Last week’s gathering of community news folks, the Block by Block summit in Chicago, left me both psyched about the opportunities I have to make a contribution to the evolution of journalism and overwhelmed about which direction to head. (Check out the blog for the event for oodles of info.)
Here’s what I know for sure:
The word “journalism” itself is problematic. Last year sometime, I tired of the “who’s a journalist” debate and started reframing it with my students in terms of “what is journalism,” figuring it was easier to define a product than a job description. I still find that to be true. But these days, even deciding whether to label a product as a piece of journalism is feeling like a waste of time. What makes an eggplant recipe journalism? If it’s accompanied by a professionally written story about eggplants? If it’s shared by a professional communicator? If it’s published by a person who claims to be a journalist? If there’s a news peg? The discussion becomes useless quickly. Can we just skip it altogether? (Denise Cheng of The Rapidian has a great post up that touches on this.)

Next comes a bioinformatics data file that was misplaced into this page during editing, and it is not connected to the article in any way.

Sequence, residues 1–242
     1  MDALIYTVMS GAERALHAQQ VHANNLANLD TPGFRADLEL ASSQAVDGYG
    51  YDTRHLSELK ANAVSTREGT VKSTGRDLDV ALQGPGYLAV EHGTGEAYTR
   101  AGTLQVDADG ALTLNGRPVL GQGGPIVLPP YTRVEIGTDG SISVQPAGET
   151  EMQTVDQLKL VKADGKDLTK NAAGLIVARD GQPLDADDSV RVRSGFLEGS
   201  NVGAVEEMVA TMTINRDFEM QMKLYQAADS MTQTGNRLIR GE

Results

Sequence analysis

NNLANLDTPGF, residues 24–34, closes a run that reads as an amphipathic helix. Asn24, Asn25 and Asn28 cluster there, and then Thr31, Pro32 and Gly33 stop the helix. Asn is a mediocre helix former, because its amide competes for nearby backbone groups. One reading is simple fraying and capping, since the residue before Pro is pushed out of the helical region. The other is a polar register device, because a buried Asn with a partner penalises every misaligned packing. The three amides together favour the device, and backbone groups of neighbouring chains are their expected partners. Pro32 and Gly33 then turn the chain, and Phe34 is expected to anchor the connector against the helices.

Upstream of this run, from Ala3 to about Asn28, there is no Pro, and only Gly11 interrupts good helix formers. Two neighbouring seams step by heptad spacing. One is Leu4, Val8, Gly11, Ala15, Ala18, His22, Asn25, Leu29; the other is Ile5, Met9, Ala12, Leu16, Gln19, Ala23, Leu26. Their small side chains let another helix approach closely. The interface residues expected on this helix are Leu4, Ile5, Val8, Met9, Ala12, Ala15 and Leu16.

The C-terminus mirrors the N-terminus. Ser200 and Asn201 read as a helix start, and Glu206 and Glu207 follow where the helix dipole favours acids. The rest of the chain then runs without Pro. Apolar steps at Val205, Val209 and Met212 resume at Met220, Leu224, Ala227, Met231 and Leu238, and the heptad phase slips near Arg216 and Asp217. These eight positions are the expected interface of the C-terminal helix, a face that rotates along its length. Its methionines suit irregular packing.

“New” journalists have a lot to learn from those who came before them. Many community news folks I’ve talked to say they are striving for an intimate relationship with their communities, something they think is missing from legacy newsrooms. They also talk about their clear sense of purpose, and feeling like they’re advocates for their communities. Both of those things, however, are not typically missing from small community weeklies. Or even alt weeklies. And they sure sound a lot like some public radio stations I know. As today’s emerging news folks work to develop authentic relationships with their communities, they might want to take a look at some old-fashioned, hometown news.
The word “engagement” means too many things to too many people to have much meaning. The individual news providers stood up at the conference to say what they wanted to get smarter about, and “engagement” was easily among the top 3 answers. But what the heck are they actually striving for? Over the course of this fellowship, I’m going to talk to journalists of many varieties (across platform, purpose, status, age and medium) about what they think it means. I’m also looking to talk to folks in industries like marketing, psychology and community organizing, to figure out what they mean when they talk about (and measure!) engagement. I hope to be able to offer some more specific terminology.
This was originally posted on the blog of the Reynolds Journalism Institute, where I am a 2010-2011 fellow.